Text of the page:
No public in public education

“All politics is local,” as the old saying goes – and the same is supposed to be true of public education. Education isn’t mentioned anywhere in the Constitution, which means the issue is supposed to be left entirely up to the states. And most would prefer that it remain true to its early days as a city or community concern, as evidenced by the rise in local-control charter models.

But politicians seem unable to keep their hands off of public education, and as a result we have seen a gradual increase in federal influence – which has morphed into control – since Jimmy Carter created the federal Department of Education in 1979 as a favor to the teacher unions. And, as business has become more and more politically powerful, we have seen growing corporate influence as well.

Consider, for example, this reporting from the Seattle Education blog, in which they document two very concerning developments:

  • To be eligible for federal funding (the leverage the feds need to control what the states do), every state is required to submit an annual plan, one which is supposed to be shaped in part by the community. In Washington state, there was virtually no parent involvement – not a single parent on the state plan workgroup, just a “parent representative” from the Washington State Department of Social and Health Services. (There was also a Parent and Community Engagement Workgroup, but only three of the 22 members were parents, and only one of those three attended their three meetings.)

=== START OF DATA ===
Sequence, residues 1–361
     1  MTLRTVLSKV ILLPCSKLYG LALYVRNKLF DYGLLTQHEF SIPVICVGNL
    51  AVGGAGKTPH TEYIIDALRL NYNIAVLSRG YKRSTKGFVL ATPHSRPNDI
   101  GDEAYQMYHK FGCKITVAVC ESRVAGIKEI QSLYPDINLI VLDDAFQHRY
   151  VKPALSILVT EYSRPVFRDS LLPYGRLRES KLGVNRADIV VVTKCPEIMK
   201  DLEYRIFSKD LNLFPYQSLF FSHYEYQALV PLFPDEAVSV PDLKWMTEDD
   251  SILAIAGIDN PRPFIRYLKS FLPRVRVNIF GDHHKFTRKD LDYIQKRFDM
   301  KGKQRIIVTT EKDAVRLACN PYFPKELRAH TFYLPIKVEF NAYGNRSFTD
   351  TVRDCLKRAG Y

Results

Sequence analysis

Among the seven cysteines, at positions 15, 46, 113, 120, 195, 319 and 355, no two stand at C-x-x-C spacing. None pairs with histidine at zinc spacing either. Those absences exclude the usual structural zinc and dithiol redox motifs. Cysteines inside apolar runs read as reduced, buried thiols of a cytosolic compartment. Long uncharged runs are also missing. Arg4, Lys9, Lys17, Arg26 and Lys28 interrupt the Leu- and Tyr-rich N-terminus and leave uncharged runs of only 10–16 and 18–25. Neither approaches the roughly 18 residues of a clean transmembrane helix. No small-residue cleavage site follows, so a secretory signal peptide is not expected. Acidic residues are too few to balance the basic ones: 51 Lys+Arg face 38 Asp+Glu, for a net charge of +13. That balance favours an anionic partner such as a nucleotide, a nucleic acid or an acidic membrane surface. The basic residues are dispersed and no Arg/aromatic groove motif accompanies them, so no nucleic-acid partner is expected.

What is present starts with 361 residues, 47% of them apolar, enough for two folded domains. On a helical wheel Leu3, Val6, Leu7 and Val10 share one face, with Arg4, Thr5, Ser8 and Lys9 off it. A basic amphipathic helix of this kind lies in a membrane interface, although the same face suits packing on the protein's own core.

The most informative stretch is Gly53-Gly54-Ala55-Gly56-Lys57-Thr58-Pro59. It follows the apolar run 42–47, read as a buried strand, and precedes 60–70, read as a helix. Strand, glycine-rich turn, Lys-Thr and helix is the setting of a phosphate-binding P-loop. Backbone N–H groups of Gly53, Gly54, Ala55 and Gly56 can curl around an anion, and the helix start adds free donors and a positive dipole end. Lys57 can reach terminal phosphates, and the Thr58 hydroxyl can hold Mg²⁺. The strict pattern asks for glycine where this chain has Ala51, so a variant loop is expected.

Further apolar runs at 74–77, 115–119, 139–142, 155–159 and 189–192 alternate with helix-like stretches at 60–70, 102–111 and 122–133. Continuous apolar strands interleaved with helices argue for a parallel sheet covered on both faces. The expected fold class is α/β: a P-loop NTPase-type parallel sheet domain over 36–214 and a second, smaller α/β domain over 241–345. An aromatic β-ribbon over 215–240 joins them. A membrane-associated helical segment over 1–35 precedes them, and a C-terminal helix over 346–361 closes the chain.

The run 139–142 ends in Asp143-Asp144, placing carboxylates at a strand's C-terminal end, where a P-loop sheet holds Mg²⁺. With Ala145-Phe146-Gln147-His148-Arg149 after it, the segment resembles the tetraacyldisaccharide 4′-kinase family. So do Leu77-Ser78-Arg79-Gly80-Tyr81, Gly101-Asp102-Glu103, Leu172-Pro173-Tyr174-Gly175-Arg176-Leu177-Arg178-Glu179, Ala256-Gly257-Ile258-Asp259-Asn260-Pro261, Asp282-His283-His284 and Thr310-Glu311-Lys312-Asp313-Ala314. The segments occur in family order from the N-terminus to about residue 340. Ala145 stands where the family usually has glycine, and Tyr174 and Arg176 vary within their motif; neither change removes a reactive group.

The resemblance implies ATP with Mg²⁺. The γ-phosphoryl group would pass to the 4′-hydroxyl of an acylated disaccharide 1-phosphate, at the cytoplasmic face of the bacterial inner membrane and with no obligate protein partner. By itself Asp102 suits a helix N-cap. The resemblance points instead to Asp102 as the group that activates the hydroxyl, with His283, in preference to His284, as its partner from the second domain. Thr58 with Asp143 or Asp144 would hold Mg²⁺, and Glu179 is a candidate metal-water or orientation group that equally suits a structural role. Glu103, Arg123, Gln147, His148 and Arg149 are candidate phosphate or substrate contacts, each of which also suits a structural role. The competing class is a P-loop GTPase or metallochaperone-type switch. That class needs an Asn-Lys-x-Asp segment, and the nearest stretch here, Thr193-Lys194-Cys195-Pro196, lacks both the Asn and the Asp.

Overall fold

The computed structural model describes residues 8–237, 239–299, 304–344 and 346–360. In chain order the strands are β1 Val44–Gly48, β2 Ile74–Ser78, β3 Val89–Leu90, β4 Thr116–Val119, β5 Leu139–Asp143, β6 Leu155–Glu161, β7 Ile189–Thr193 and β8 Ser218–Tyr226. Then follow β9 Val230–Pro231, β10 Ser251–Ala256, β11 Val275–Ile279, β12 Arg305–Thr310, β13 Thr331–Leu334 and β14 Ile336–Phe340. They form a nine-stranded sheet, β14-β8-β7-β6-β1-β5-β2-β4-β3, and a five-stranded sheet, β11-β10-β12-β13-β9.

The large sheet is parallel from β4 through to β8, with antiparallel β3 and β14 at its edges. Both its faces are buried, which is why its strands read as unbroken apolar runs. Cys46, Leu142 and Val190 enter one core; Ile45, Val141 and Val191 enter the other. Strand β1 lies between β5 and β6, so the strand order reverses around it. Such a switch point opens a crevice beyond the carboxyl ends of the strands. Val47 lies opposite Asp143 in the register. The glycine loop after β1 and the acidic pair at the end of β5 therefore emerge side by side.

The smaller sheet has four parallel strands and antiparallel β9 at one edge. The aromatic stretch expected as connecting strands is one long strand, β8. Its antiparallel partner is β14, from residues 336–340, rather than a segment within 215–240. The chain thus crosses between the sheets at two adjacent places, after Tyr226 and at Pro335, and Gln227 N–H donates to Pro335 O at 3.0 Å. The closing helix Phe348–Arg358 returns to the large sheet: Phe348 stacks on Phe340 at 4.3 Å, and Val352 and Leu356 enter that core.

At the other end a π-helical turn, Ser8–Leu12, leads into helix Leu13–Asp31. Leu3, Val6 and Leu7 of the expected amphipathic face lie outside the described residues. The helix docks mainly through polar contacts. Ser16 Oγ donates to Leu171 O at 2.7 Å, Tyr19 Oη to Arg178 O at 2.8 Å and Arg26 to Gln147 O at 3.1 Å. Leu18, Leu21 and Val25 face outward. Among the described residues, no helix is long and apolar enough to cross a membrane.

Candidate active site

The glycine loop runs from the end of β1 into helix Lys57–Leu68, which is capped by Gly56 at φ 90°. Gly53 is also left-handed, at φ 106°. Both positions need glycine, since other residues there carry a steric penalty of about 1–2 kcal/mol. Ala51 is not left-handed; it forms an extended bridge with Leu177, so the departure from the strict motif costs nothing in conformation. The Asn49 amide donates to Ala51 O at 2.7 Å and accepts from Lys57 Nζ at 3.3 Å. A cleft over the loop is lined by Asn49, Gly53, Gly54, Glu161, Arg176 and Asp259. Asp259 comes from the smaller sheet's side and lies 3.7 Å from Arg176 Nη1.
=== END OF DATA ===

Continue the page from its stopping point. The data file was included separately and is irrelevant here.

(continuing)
• Before Washington’s state plan is submitted to the Feds, it’s being sent to two nonprofit education groups – Collaborative for Student Success and Bellwether Education Partners, both of which are funded by the Gates Foundation (also the primary source of support for Common Core efforts) – for “review.” This is apparently common across the states.

It’s been clear for some time that the public has no voice in public education – this is just one more example.

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